BALTIMORE — There was no mistaking the driving force behind Hofstra’s drive to earn the No. 1 seed in the Colonial Athletic Association Tournament. It was the vision of William & Mary’s Daniel Dixon burying a game-winning three-pointer in double overtime in last year’s semifinal loss.
Dixon’s three with eight- tenths of a second left gave the Tribe a 92-91 victory a year ago. The Pride has been taking it out on William & Mary ever since, winning both regular-season meetings before pulling out a 70-67 triumph in the CAA semifinal rematch Sunday afternoon at Royal Farms Arena.
Ameen Tanksley led the way with a game-high 23 points. Recalling the emotion he felt a year ago, he said, “I couldn’t sleep for about a week just seeing that shot go in. I would constantly see it, people replaying it. Man, you have to wait a whole year. I think we had some bad blood.”
It showed in a physical game in which Hofstra center Rokas Gustys was limited to 27 minutes by foul trouble. When he was on the floor, the Tribe defended the pick-and-roll to hold Gustys to a single shot and two points.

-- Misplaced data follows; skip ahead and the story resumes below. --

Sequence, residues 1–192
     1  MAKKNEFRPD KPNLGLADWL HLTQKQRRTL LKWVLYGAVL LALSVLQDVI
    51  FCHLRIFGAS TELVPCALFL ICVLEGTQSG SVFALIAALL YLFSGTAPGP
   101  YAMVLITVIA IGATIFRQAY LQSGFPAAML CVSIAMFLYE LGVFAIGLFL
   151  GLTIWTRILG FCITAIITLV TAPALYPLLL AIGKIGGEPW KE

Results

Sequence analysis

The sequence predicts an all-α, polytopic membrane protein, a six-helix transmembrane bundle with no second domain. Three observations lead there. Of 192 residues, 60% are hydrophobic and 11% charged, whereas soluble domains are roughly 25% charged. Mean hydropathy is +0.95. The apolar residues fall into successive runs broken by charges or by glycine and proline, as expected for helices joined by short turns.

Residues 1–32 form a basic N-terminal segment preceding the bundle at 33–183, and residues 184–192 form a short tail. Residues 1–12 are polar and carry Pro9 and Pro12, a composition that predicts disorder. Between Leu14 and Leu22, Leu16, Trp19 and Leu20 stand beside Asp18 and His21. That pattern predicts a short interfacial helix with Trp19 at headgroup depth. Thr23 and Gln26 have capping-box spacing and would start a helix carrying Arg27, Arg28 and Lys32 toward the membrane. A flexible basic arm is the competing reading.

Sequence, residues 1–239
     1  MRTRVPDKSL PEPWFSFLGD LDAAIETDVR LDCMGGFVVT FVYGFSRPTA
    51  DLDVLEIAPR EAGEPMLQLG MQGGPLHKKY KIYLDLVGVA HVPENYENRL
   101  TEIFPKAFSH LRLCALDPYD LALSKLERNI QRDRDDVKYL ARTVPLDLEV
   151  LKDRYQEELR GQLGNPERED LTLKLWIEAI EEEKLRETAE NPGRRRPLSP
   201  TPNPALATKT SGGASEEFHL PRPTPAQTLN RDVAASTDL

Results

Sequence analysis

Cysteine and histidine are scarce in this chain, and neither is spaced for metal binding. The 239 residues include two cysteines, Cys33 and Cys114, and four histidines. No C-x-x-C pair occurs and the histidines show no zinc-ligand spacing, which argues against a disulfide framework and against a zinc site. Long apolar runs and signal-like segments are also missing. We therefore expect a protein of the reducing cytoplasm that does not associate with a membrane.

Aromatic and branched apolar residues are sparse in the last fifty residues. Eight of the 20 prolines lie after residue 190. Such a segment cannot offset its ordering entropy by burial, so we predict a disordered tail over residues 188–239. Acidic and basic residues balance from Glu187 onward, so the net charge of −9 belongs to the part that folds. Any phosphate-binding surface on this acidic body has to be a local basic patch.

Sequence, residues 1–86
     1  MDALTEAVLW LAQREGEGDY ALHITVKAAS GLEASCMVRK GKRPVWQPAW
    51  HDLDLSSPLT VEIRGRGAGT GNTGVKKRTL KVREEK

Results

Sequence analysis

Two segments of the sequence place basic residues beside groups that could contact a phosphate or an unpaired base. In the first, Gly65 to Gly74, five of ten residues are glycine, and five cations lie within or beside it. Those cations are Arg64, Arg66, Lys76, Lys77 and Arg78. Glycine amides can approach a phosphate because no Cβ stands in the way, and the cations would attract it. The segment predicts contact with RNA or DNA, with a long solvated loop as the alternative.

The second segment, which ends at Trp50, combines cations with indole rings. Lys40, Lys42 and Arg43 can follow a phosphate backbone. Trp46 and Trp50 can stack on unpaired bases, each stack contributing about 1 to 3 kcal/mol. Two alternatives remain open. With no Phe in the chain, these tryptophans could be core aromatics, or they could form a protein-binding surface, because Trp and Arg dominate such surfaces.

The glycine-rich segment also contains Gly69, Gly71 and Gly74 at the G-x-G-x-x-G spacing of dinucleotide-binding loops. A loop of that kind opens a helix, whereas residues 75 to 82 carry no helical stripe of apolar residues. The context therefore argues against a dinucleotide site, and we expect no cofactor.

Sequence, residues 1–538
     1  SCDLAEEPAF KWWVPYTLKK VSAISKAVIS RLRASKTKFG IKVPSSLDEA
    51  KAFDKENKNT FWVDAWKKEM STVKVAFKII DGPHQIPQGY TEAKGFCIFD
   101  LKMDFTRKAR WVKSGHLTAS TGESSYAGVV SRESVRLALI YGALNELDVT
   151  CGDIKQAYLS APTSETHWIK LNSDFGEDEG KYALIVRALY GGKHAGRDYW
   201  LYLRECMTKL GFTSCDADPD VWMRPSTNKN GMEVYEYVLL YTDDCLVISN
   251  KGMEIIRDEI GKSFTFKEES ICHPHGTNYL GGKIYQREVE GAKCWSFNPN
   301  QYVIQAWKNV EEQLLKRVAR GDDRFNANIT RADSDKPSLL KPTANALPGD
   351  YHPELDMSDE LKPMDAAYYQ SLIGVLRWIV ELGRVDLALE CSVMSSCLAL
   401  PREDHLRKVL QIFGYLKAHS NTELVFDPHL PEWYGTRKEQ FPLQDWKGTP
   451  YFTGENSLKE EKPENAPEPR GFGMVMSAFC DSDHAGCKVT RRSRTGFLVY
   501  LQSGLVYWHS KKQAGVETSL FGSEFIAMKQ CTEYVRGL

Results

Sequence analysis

The Pride compensated with a barrage of three-point shots, with 32 of their 54 attempts coming from outside the arc. But Tanksley wisely kept driving through the William & Mary zone to get into the paint for 20 of his 23 points, including foul shots.
“Sometimes we all settle for shots they give us,” said Tanksley, who had six turnovers while fighting his way inside. “A couple of my turnovers came when I was forcing the situation, but I decided I’m not going to let them stop me from driving. It was basically off reads. A couple I read wrong and got turnovers, and some of them, I read right.”
William & Mary coach Tony Shaver said his team doubled Hofstra star Juan’ya Green. “We wanted somebody else to beat us, and Tanksley did that,” Shaver said. “He’s one of the best players in the league.”
Tanksley’s layup with 4:27 left gave Hofstra a 65-59 lead, but the Tribe responded with an 8-0 run starting with three-pointers from Dixon and Greg Malinowski.
“Once they hit them two threes, I was like, ‘Man, it’s ‘Part II,’ ” Tanksley said. “My heart was pounding. Like, ‘This is not happening again . . . Just finish these guys.’ ”
Tanksley put the final nail in William & Mary’s coffin when he made one of two free throws with 1.9 seconds left. “I missed that second free throw because I had relief, like it was over,” Tanksley said. “I was too happy mentally. Like, ‘Oh, my God, we got them.’ ”